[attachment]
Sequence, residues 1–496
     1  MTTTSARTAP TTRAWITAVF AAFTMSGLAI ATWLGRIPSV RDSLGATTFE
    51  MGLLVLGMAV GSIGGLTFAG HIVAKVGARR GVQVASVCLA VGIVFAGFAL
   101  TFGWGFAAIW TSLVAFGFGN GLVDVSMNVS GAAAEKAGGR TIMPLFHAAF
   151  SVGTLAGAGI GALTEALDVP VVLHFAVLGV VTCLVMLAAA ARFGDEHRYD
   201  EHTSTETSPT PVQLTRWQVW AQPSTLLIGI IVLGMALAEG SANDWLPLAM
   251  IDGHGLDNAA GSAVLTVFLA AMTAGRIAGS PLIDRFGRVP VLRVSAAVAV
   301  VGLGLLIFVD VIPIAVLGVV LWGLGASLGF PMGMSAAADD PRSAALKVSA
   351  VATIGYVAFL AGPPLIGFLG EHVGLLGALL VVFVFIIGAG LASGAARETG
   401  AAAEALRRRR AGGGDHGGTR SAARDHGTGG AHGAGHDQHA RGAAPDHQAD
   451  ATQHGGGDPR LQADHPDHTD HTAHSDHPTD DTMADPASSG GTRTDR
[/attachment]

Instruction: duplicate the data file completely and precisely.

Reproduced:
Sequence, residues 1–496
     1  MTTTSARTAP TTRAWITAVF AAFTMSGLAI ATWLGRIPSV RDSLGATTFE
    51  MGLLVLGMAV GSIGGLTFAG HIVAKVGARR GVQVASVCLA VGIVFAGFAL
   101  TFGWGFAAIW TSLVAFGFGN GLVDVSMNVS GAAAEKAGGR TIMPLFHAAF
   151  SVGTLAGAGI GALTEALDVP VVLHFAVLGV VTCLVMLAAA ARFGDEHRYD
   201  EHTSTETSPT PVQLTRWQVW AQPSTLLIGI IVLGMALAEG SANDWLPLAM
   251  IDGHGLDNAA GSAVLTVFLA AMTAGRIAGS PLIDRFGRVP VLRVSAAVAV
   301  VGLGLLIFVD VIPIAVLGVV LWGLGASLGF PMGMSAAADD PRSAALKVSA
   351  VATIGYVAFL AGPPLIGFLG EHVGLLGALL VVFVFIIGAG LASGAARETG
   401  AAAEALRRRR AGGGDHGGTR SAARDHGTGG AHGAGHDQHA RGAAPDHQAD
   451  ATQHGGGDPR LQADHPDHTD HTAHSDHPTD DTMADPASSG GTRTDR